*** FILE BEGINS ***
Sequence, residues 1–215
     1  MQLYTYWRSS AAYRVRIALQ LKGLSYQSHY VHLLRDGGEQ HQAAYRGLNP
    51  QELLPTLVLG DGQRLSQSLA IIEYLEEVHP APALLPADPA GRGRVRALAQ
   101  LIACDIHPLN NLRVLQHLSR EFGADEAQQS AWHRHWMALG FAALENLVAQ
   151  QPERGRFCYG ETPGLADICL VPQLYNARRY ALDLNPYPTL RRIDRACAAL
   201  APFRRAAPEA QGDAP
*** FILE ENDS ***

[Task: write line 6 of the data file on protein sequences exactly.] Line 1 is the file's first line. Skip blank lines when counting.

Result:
   201  APFRRAAPEA QGDAP